Sometimes “rewards” are still allowed, but are made meaningless by being unrelated to merit. One disturbing fashion at the moment is to reward students who don’t misbehave, giving the clear message that poor behaviour is normal and mere compliance with the rules and expectations of the classroom is of particular merit. Cowley (2001), having warned that rewards should, in theory, be earned, nevertheless, gives the following advice:

To keep a difficult class focused in the computer room it might be an idea to offer them a reward (for instance the chance to use the internet) when they have completed the work set to your satisfaction. Although this is not strictly ‘allowed’ it can be very effective and it will also win you a reputation as someone who is open to negotiation

As ever those wanting to undermine our understanding of morality can turn to psychology for a morality-free interpretation of basic moral concepts. Behaviourists (now often called Behaviour Analysists) have used the term “reward” to refer to any incentive given to encourage a particular behaviour. This is to lose the entire point of the concept of reward; rewards are not simply inducements to comply, but are positively deserved. Wilson (1971) explains what a “reward” that isn’t deserved actually amounts to:

…to give pleasure to someone, if he had no notion that he deserved such a thing, will seem to him to like flattery, currying favour or offering a bribe, not like a ‘reward’… even when he feels there is an acceptable reason for the pleasure in terms of custom or precedent (as on his birthday, for example), he will construe it not as a ‘reward’ but as a gift. Only when deliberate pleasure-giving is for moral desert, is it properly speaking a ‘reward’. Other sorts of deliberate pleasure-giving come under categories such as ‘gift’ or ‘prize’, or on occasion ‘bribe’ or ‘inducement’, and so on.

This is where the problem lies. Nobody can develop the idea that an activity is worthwhile through a bribe. Nobody can realise that good behaviour is worthwhile for its own sake if it is bought. There is nothing wrong with rewards, where they recognise merit, but everything wrong with them when they are part of a transaction or a negotiation.

And finally, a wider point can be made about cultures where people feel they should be rewarded or respected for simply compliance with minimal social expectations. In his controversial routine, “Niggas Versus Black People” the comedian Chris Rock, describes the value system of the criminal underclass within the black community in the United States (controversially described as “niggas”):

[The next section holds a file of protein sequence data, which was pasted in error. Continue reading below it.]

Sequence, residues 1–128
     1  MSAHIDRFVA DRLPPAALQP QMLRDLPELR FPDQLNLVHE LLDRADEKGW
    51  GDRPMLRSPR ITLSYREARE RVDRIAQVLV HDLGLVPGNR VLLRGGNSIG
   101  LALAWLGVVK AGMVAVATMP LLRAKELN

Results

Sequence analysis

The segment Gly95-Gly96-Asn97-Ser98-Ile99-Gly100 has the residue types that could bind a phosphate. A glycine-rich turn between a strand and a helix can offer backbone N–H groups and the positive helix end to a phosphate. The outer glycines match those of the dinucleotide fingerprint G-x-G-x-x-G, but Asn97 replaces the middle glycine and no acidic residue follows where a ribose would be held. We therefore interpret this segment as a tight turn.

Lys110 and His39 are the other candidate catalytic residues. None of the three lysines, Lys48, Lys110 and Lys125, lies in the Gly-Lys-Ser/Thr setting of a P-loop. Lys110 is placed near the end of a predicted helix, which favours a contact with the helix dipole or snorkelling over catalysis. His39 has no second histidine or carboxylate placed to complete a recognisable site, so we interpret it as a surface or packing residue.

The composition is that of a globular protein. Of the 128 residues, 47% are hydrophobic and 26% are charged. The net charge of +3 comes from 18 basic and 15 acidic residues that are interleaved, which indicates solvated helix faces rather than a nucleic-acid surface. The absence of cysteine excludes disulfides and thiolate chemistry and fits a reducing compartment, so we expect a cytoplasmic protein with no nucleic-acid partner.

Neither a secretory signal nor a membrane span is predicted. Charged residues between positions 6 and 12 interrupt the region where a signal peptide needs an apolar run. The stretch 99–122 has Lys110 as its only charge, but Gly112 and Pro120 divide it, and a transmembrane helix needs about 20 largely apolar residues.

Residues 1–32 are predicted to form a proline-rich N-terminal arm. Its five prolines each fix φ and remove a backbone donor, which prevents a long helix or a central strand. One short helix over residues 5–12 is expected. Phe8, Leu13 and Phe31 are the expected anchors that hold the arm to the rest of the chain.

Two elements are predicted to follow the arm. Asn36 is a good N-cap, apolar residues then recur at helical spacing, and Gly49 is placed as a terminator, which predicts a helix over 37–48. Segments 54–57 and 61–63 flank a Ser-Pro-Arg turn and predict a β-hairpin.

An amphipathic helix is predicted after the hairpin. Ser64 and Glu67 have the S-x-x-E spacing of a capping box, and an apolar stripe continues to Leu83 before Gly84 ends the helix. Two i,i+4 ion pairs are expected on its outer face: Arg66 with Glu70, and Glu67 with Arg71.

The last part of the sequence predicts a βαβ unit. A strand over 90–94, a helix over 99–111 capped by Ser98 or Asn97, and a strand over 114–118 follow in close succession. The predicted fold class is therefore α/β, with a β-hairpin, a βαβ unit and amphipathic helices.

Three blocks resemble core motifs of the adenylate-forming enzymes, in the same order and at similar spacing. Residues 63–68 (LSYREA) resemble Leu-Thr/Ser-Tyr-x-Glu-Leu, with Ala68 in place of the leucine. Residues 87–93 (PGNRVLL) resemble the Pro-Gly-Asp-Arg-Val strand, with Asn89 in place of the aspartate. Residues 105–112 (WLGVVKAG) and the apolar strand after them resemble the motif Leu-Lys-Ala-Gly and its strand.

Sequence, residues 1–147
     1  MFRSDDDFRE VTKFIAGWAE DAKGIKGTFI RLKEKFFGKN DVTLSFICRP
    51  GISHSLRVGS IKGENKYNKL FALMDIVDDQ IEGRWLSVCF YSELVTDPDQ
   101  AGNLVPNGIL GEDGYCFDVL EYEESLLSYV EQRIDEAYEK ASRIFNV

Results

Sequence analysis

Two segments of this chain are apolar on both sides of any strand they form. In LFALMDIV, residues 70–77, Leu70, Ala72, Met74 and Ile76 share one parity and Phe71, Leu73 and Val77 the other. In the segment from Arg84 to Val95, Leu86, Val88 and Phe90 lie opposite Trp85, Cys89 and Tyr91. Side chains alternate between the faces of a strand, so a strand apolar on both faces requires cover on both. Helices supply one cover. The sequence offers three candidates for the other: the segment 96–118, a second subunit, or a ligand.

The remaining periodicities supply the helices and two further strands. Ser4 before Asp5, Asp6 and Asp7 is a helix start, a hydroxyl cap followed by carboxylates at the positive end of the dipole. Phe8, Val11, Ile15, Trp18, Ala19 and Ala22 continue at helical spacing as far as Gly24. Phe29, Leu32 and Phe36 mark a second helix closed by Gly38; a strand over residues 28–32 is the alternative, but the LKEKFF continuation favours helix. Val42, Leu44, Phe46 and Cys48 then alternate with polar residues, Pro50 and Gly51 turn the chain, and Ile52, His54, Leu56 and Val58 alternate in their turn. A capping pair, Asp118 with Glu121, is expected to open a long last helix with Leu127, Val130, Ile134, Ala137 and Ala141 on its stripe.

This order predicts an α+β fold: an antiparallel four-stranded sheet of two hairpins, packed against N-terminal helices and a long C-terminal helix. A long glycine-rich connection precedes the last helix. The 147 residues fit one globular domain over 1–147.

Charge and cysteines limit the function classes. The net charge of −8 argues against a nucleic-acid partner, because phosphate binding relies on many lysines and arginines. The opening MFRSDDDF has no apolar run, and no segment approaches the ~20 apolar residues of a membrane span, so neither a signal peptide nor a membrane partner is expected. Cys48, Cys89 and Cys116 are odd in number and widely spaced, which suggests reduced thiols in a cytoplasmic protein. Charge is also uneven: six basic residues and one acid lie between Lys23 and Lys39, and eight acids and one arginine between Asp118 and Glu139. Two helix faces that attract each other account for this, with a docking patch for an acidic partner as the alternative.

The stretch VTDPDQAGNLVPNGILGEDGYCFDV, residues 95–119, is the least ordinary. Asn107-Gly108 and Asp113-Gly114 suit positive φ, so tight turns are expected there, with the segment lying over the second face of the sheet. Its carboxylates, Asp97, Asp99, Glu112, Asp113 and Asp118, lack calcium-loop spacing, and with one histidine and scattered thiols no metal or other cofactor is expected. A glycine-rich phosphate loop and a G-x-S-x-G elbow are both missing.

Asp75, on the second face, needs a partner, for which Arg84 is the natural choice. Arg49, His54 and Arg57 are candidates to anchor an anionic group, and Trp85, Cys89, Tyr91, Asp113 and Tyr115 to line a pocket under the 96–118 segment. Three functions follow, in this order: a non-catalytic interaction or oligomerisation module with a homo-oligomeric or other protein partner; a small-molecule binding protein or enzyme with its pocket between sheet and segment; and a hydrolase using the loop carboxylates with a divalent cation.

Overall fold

You know the worst thing about niggas? Niggas always want some credit for some shit they supposed to do. For some shit they just supposed to do: A nigga will brag about some shit a normal man just does. A nigga will say some shit like, “I take care of my kids.” You’re supposed to, you dumb motherfucker. What are you talking about? What are you bragging about? What kind of ignorant shit is that? “I ain’t never been to jail.” What do you want, a cookie? You’re not supposed to go to jail, you low-expectation-having motherfucker.

It doesn’t take long in a British classroom to find a student who wants to be rewarded for not interrupting or for doing some work, or something else they are “just supposed to do”. Instead of seeking to achieve, students think their teachers should be grateful if they merely comply. I’ve frequently encountered students attempt to enter negotiation about rewards for accomplishments such as “I didn’t get a detention this lesson”. One student proudly told me they hadn’t been excluded at all since year 8.

What do you want, a cookie?

References:

Cowley, Sue, Getting The Buggers to Behave, Continuum, 2001

Sedgewick, Fred, How to Teach with a Hangover: A Practical Guide to Overcoming Classroom Crises, Continuum, 2005

Wilson, P.S. Interest and Discipline In Education, Routledge And Kegan Paul, 1971

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Success

November 15, 2008

Scene 1: PSHE training

“Okay, now we have finished our icebreakers let’s talk about the next unit in the program. If you look at page 7 of your booklets, you can see where you should be leading your form group. The definition of success that you want them to arrive at after discussion is ‘trying your best to achieve a goal’. Yes, what is it Andrew?”

That’s not a definition of success.

“Sorry?”

You could try your best at something and not achieve it, I could try all I liked but I’m not going to run a four minute mile, or give birth to twins.

“Well, yes, I see your point, but I think the really important thing to get across here is that if you do try your hardest you have succeeded.”

You’ve succeeded at trying, but you haven’t necessarily succeeded at whatever it is you were trying to do.

“I think you are being a bit too traditional here, Andrew.”

But what if one of my form group points out that this isn’t the definition of success?

“I’m sure they won’t, they are only year 8.”

Scene 2: PSHE Lesson

Okay everyone, that was interesting to hear what you thought about success. Now let me tell you what the book says about success. It says that success is ‘trying your best to achieve a goal’

“Sir, sir”

Yes, Jade?

“That’s not what success is. You could try your best at something and not achieve it.”

Er… yes. Well like I said that is what the book says, we don’t have to agree with the book.

“But it’s stupid. It just isn’t what the word means. You can’t go around just changing what words mean.”

Er … yes, I certainly see your point and have to say I do agree with it. I think perhaps we just need to consider what success means in our own lives.

“Sir, sir”

Yes, Jade?

“Why do we have to discuss our own lives? Isn’t that just interfering in our own personal stuff? Why is my private life any business of anyone else.”

Well, the school is responsible for your emotional well-being, Jade.